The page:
Briefly summarized, defendants claim that plaintiffs' counsel is charging too high a fee, for too many hours. They contend that the results he obtained were only partially favorable to his clients and that the use of a multiplier is not justified, since the same factors which would justify a multiplier have also been used to justify a higher hourly rate. Defendants also claim that the factors listed in Kerr do not justify the amount of fees requested, which would be almost equal to the damage award. Kerr v. Screen Extras Guild, 526 F.2d 67 (9th Cir. 1975) cert. den. 425 U.S. 951 (1976)
Plaintiffs claim that their counsel's fee is the customary charge for this type of case, and that the hours were required because the case was continued three times and because the parties filed cross-motions for summary judgment. The results obtained were the ultimate result plaintiffs wanted: to be compensated for their on-call time. The use of a multiplier was justified because of the risk that counsel took handling this case on a contingent fee basis, and because of the quality of the work done. According to the Kerr factors, plaintiffs counsel set precedent in this Circuit in the area of on-call compensation for public employees, and there are several cases where the fee award far exceeded the damage award, yet was affirmed on appeal. Plaintiffs request a fee of at least $ 204,960.00 (1024.8 hours times $ 200 per hour), the "lodestar" figure. Plaintiffs also request that the court apply a multiplier, between 1.25 and 1.5, which would produce a higher award. Plaintiffs also request fees for an additional 51.5 hours of attorney time incurred between April 1 and the date of this hearing, for which the total fee is $ 10,300.00.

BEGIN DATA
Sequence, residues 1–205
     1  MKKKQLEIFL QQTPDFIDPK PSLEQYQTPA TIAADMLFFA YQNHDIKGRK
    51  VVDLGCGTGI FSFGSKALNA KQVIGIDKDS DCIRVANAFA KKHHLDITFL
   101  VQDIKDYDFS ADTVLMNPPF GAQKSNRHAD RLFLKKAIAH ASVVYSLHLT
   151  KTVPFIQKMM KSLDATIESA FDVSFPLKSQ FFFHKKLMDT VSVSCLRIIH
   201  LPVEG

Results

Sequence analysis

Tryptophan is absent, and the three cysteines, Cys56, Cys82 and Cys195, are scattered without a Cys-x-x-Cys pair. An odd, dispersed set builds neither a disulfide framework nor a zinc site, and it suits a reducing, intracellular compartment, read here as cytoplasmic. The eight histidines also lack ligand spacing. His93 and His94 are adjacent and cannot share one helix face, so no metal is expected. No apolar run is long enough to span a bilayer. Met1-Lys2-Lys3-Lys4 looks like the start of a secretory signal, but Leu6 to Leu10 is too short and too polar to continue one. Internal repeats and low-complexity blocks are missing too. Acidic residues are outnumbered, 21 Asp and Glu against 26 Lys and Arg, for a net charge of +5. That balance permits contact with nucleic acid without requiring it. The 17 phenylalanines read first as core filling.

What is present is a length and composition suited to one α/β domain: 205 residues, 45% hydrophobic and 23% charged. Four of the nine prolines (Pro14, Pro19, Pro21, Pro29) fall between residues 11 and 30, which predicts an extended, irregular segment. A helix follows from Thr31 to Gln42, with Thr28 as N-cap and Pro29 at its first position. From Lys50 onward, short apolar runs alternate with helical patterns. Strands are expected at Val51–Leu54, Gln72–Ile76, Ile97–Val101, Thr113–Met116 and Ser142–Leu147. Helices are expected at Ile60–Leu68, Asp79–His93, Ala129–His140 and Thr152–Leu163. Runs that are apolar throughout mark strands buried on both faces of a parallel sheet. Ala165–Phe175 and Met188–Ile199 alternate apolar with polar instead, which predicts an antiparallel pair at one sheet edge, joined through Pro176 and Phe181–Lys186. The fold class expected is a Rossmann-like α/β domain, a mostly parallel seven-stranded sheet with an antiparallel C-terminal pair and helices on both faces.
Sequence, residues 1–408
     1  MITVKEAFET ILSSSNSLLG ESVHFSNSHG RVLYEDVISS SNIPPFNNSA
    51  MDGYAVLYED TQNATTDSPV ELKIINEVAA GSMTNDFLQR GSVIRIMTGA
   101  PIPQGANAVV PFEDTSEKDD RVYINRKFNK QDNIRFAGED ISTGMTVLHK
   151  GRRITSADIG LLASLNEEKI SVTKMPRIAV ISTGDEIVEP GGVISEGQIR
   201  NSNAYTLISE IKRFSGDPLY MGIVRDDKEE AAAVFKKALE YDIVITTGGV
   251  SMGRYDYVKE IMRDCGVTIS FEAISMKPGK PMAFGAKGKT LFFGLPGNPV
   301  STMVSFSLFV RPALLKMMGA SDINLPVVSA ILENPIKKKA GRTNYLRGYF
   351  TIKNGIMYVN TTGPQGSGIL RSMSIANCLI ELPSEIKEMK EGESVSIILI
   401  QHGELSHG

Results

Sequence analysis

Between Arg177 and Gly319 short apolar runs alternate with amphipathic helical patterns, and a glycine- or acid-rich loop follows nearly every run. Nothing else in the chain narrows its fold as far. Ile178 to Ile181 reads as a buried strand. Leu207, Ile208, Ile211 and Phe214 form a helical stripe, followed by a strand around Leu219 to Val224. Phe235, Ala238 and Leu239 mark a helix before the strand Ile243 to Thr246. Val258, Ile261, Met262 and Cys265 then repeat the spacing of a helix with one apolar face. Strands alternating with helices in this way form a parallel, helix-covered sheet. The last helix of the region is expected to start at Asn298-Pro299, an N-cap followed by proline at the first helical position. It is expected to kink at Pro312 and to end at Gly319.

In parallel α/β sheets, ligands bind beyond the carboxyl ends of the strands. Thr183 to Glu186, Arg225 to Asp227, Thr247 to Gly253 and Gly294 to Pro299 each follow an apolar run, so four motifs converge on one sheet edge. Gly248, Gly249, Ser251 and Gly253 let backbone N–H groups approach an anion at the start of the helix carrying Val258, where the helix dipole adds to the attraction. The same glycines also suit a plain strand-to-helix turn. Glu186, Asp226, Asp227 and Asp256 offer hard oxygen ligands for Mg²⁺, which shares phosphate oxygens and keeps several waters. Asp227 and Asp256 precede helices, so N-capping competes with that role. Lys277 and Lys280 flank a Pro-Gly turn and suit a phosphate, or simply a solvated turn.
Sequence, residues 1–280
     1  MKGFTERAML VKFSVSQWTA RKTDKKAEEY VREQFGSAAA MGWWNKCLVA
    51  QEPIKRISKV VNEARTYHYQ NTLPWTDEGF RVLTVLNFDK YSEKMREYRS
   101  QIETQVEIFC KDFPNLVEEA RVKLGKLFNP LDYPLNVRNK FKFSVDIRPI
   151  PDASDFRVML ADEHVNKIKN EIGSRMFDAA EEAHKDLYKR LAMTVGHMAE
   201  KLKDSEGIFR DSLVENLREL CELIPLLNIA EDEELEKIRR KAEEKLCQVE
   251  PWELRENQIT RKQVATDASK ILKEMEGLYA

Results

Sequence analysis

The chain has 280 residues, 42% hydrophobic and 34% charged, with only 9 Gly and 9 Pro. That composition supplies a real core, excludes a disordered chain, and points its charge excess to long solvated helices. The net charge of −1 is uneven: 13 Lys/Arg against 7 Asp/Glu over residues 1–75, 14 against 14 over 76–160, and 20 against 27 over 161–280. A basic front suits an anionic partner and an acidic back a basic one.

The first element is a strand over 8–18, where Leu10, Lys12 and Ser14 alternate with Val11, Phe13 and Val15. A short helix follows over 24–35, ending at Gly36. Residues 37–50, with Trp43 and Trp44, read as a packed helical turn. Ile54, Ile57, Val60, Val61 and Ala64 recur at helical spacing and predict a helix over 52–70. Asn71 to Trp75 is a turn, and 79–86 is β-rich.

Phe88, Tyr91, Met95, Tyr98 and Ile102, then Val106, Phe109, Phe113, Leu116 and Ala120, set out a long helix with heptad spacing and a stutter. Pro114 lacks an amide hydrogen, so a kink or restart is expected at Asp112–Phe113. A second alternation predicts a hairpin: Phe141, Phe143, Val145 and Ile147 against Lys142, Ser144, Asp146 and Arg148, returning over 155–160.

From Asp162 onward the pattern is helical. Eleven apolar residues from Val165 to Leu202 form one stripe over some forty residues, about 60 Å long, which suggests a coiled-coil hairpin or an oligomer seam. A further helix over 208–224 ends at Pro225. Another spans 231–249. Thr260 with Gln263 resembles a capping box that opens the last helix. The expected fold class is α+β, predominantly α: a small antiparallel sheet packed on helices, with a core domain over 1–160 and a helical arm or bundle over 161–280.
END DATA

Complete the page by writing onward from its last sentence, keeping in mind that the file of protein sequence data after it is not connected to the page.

IS THERE COMPETENT EVIDENCE THAT $ 200 IS A REASONABLE HOURLY RATE?
Defendants claim there is no supporting evidence, for example, declarations from other attorneys practicing in the field. There is also no explanation offered for the different hourly rates plaintiffs' counsel charges: $ 110 for individual union members, $ 145 for unions, $ 200 for contingent fee cases. Defendants question whether there really is a contingent fee agreement, because plaintiffs do not offer a copy.
Plaintiffs' counsel says that he is knowledgeable about fees in this area of practice because he has served for ten years as an arbitrator of attorney fee dispute for the Bar Association of San Francisco. He has had opportunities to review fee requests in many other cases.
Plaintiffs' counsel offers a supporting declaration from a labor attorney in which he states that the Ninth Circuit awarded fees of $ 190 per hour to a partner in his firm for successful work on a FLSA case. Plaintiffs' counsel explains that counsel's reduced fees ($ 110 per hour) allow union members to have expert representation even where the union is not paying for their attorney's services. Counsel offers a copy of the contingent agreement with plaintiffs as an exhibit to his declaration in support of the Reply.
The court concludes that counsel is a partner with fifteen years' experience in a firm specializing in labor law. He himself has arbitrated fee disputes and is conversant with the range of legal fees in the San Francisco area. Other attorneys with his experience have received similar hourly fees from the Court of Appeals. His fee for this case is reasonable.
Defendants claim that plaintiffs' counsel failed to use "billing judgment" as required by the Supreme Court decision in Hensley:
"In the private sector 'billing judgment' is an important component in fee setting. It is no less important here. Hours that are not properly billed to one's client also are not properly billed to one's adversary pursuant to statutory authority." Hensley v. Eckerhart 461 U.S. 424 (1983)
Defendants complain that virtually all the time on this case was billed by a partner with fifteen years' experience, rather than by an associate or paralegal. In fact, only 4.9 hours of the 1024 were billed by an associate.
Plaintiffs' counsel responds that he had much of the summarizing of data done by the plaintiffs themselves, to save the charges of ...